From Barden Bellas to ‘Belleville’: Anna Camp on playing more than the mean girl

Actress Anna Camp, photographed in Los Feliz, is starring in "Belleville," the psychological drama onstage at the Pasadena Playhouse.
(Genaro Molina / Los Angeles Times)

Actress Anna Camp has occasionally had to reassure little girls she meets that she’s not a scary person. They mistake her for Aubrey, the character she plays in the “Pitch Perfect” film franchise, the tightly wound leader of the a-cappella singing group the Barden Bellas, who has an unfortunate habit of stress-vomiting onstage.

“‘Don’t worry, I’m not that mean, really, and I’m not going to puke on you!’” Camp tells children. She shakes her head with a smile. “Why am I always puking, by the way? It’s weird.”

Abby, the newlywed whom Camp plays in Amy Herzog’s twisty psychological thriller “Belleville,” at the Pasadena Playhouse through May 13, also vomits during a very bad date night with her husband. For someone who never set out to specialize in performance-vomiting, Camp has had a lot of practice.


“I actually puked in one of the first pilots I shot,” she recalls. “This Jhoni Marchinko pilot called ‘I Hate That I Love You’ that never made it to air. That was the first time I had to. Why do people ...? Do they think that I can just do it? Or they want to see me do it? I don’t know. The trick is to do it and not to think about it, because something real might happen, and you don’t want that. You just want to keep it really fake.”

“Nobody ever wants you to do a play in the middle of pilot season, but I don’t care. This is actress bait," says Anna Camp, onstage now in "Belleville" at Pasadena Playhouse.
(Genaro Molina / Los Angeles Times )

Camp has settled into a booth in a French restaurant in the Los Feliz neighborhood of L.A., where she lives, to talk about “Belleville.” Just as impeccably pretty in person as on screen, she comes across as warm and easygoing, with a quick, playful sense of humor.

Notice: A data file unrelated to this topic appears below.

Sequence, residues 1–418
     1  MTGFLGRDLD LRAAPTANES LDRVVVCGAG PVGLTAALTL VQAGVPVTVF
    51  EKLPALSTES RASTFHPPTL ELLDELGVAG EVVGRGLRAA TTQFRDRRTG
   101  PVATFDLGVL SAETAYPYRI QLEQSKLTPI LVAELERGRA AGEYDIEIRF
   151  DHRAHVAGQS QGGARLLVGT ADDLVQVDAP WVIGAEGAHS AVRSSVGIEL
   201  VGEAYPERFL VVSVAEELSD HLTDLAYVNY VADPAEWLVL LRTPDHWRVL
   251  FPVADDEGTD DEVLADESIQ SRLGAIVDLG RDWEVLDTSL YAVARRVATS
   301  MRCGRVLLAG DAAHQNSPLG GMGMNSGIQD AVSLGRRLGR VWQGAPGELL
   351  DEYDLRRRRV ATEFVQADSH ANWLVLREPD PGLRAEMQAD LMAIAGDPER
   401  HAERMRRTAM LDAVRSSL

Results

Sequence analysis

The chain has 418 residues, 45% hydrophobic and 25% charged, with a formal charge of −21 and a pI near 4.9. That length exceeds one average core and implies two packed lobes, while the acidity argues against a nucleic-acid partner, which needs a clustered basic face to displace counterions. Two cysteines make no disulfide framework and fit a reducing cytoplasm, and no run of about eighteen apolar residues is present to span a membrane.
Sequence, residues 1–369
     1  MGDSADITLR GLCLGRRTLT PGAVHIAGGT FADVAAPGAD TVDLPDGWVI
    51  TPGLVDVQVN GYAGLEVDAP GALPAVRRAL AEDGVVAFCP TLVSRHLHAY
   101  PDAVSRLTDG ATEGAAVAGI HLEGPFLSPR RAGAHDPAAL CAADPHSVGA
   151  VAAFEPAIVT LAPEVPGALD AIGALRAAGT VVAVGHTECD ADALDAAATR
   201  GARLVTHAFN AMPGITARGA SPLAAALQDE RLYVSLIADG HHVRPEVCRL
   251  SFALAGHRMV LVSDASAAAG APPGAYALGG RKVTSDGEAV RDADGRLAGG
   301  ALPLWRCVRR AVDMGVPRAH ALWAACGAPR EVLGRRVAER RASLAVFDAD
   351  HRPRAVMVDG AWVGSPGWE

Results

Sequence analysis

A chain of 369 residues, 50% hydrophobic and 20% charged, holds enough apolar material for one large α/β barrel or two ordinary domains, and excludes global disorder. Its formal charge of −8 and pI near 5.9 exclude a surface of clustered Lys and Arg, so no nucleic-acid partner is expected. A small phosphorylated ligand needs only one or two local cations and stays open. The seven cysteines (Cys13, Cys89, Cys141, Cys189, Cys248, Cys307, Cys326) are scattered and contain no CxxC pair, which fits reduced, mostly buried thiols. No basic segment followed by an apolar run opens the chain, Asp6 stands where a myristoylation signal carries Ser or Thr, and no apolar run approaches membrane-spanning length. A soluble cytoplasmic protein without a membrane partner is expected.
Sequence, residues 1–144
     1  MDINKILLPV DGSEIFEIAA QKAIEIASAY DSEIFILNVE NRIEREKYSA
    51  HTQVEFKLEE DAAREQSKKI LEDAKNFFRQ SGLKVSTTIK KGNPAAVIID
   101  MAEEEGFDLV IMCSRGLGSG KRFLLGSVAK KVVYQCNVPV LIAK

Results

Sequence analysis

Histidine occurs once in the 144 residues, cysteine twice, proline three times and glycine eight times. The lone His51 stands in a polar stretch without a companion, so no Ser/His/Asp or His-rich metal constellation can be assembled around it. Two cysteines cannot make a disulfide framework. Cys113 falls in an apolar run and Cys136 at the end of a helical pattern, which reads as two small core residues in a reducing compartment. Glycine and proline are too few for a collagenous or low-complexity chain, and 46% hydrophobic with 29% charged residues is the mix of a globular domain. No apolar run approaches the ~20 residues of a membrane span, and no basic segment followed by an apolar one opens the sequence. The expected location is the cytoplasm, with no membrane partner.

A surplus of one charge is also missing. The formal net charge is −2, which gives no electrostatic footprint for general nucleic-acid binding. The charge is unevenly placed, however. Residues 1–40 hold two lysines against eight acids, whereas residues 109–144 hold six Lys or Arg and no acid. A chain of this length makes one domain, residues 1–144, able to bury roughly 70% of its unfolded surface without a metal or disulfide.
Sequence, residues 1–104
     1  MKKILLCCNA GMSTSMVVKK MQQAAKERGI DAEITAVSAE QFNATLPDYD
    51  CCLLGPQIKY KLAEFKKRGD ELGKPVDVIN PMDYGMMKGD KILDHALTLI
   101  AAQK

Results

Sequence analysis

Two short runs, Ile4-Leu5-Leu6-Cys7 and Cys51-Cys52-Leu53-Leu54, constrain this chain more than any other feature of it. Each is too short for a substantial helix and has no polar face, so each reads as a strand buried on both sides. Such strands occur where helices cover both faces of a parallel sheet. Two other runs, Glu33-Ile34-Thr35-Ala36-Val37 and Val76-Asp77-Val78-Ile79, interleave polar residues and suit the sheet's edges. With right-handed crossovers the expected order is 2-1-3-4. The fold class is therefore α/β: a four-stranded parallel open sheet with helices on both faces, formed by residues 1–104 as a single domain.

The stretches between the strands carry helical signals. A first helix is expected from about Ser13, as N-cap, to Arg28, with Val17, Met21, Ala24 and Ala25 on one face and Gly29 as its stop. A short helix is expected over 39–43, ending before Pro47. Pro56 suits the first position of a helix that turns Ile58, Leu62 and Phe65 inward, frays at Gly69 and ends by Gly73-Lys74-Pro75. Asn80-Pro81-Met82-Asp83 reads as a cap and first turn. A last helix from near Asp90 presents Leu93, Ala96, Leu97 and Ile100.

“What a beast of a play,” she says admiringly. “The first time I read it, I was like, ‘I have to do this. I don’t know how I’m going to do this, but maybe with the right director, and the right cast …”

The timing — right in the middle of pilot season — didn’t thrill her agents.

“Nobody ever wants you to do a play in the middle of pilot season,” Camp says, “but I don’t care. This is actress bait. I knew that if I didn’t take it, some other actress would, and I was going to be seething with jealousy that I didn’t get to do it.”

Fans who know Camp from “Pitch Perfect” and many TV shows (“True Blood,” “The Mindy Project,” “Good Girls Revolt,” “Unbreakable Kimmy Schmidt” and “Mad Men,” among others) might assume that the theater is a departure for her. In fact, she began as a stage actress, working as a child in community theater in South Carolina then attending the University of North Carolina School of the Arts’ conservatory college for classical training.


“I never saw myself in L.A.,” she says. “I never saw myself doing movies, I never saw myself doing TV. I thought New York was where I was going to end up, and just theater.”

Camp’s first professional job, in “The Importance of Being Earnest” at the Dallas Theater Center, earned her an Equity card and led to a part in a quirky off-Broadway musical, “God Hates the Irish,” seen by two influential people: Theresa Rebeck, author of “The Scene,” in which Camp would go on to star; and Mike Nichols, who directed her Broadway debut in “The Country Girl.”

But when a gig brought Camp out to L.A., she fell in love with it — especially because she was able to get a dog, a puggle named Rocky.

“He looks into my soul,” she says. Also, he can fetch toys by name and watches Gary Sinise with a lovestruck intensity whenever “Forrest Gump” is on TV.

Camp was surprised when she started booking film and TV roles — and not displeased, as she had a mortgage and bills. But she came to feel constrained by roles she was offered in the wake of her breakout performance as Aubrey.


“An uptight, blond, bitchy character,” she sums it up. “Which is still fun to play. I’ve never been afraid to play someone unlikable. They’re usually pretty complex. I always say I’d rather be polarizing than palatable. But there’s a lot more to me.”